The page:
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Research Papers

Fatigue of AL6XN Stainless Steel

[+] Author and Article Information
Sergiy Kalnaus

Department of Mechanical Engineering (312), University of Nevada Reno, Reno, NV 89557

Yanyao Jiang1

Department of Mechanical Engineering (312), University of Nevada Reno, Reno, NV 89557yjiang@unr.edu

1

Corresponding author.

J. Eng. Mater. Technol 130(3), 031013 (Jun 11, 2008) (12 pages) doi:10.1115/1.2931154 History: Received August 22, 2007; Revised January 02, 2008; Published June 11, 2008

Tension-compression, torsion, and axial-torsion fatigue experiments were conducted on the AL6XN alloy to experimentally investigate the cyclic plasticity behavior and the fatigue behavior. The material is found to display significant nonproportional hardening when the equivalent plastic strain amplitude is over 2×104. In addition, the material exhibits overall cyclic softening. Under tension-compression, the cracking plane is perpendicular to the axial loading direction regardless of the loading amplitude. The smooth strain-life curve under fully reversed tension-compression can be described by a three-parameter power equation. However, the shear strain-life curve under pure torsion loading displays a distinct plateau in the fatigue life range approximately from 20,000 to 60,000 loading cycles. The shear strain amplitude corresponding to the plateau is approximately 1.0%. When the shear strain amplitude is above 1.0% under pure shear, the material displays shear cracking. When the shear strain amplitude is below 1.0%, the material displays tensile cracking. A transition from shear cracking to tensile cracking is associated with the plateau in the shear strain-life curve. Three different multiaxial fatigue criteria were evaluated based on the experimental results on the material for the capability of the criteria to predict fatigue life and the cracking direction. Despite the difference in theory, all the three multiaxial criteria can reasonably correlate the experiments in terms of fatigue life. Since the cracking mode of the material subjected to pure torsion is a function of the loading magnitude, the prediction of cracking orientation becomes rather challenging.

Copyright © 2008 by American Society of Mechanical Engineers
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References

Figures

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Figure 1

Three-dimensional view of the microstructure of the AL6XN stainless steel. Magnification: ×800. Etching: V2A, room temperature.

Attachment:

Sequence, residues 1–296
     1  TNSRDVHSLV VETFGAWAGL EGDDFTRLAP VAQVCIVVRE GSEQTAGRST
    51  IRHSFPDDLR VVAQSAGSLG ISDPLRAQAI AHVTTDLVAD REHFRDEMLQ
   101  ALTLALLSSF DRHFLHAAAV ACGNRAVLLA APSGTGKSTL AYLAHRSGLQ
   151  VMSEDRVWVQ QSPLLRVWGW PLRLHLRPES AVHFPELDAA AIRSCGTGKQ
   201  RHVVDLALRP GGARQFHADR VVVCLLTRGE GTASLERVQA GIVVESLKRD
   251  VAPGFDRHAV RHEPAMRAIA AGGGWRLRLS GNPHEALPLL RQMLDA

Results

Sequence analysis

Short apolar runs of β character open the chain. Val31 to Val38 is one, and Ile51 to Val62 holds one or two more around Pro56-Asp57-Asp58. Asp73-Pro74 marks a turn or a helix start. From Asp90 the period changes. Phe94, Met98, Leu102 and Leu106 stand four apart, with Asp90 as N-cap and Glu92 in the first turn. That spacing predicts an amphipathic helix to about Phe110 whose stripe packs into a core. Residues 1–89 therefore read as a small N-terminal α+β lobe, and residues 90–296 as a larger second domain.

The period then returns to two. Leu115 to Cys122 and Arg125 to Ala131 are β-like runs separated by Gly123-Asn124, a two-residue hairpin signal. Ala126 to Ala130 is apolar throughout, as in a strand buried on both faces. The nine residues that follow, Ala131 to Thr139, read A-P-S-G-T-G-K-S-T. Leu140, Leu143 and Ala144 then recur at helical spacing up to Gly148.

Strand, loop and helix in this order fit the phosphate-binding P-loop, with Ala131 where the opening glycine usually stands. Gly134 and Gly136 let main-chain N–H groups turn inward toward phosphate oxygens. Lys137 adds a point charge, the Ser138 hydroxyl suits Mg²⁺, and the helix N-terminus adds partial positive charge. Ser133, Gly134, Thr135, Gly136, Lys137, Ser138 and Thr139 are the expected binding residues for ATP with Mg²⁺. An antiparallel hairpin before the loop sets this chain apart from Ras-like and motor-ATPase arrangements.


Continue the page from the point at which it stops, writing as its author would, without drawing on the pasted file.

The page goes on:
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Figure 2

Specimens used in fatigue experiments (all dimensions are in mm): (a) tension-compression specimen; (b) solid shaft specimen; (c) tubular specimen

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Figure 3

Monotonic shear stress-shear strain curve

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Figure 4

Schematics of the loading paths

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Figure 5

Variation of the stress amplitude with loading cycles for the strain-controlled experiments on AL6XN: (a) tension-compression; (b) pure torsion; (c) 90deg out-of-phase axial-torsion

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Figure 6

Selected stress-strain hysteresis loops taken at 80% of fatigue life

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Figure 8

Strain-life curve of AL6XN material

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Figure 9

Fatigue cracking behavior under pure torsion

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Figure 10

Fatigue cracking behavior: (a) shear cracking; (b) tensile cracking; (c) mixed cracking

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Figure 11

Crack propagation through the thickness of the specimen

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Figure 12

Base line experimental data correlated using the SWT parameter

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Figure 13

Dependence of FSK fatigue parameter on the orientation of material plane for pure torsion loading

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Figure 14

Base line experimental data correlated using the FSK parameter

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Figure 15

Fatigue life prediction of AL6XN steel based on (a) SWT model, (b) FSK model, and (c) Jiang model

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Figure 16

Comparison between observed and predicted orientations of fatigue cracks based on (a) SWT model, (b) FSK model, and (c) Jiang model

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Figure 17

Prediction of cracking orientation using the Jiang model: (a) pure torsion Δγ∕2=1.2%; (b) pure torsion Δγ∕2=0.86%; (c) 90deg out-of-phase axial-torsion Δε∕2=0.32%, Δγ∕2=0.55%

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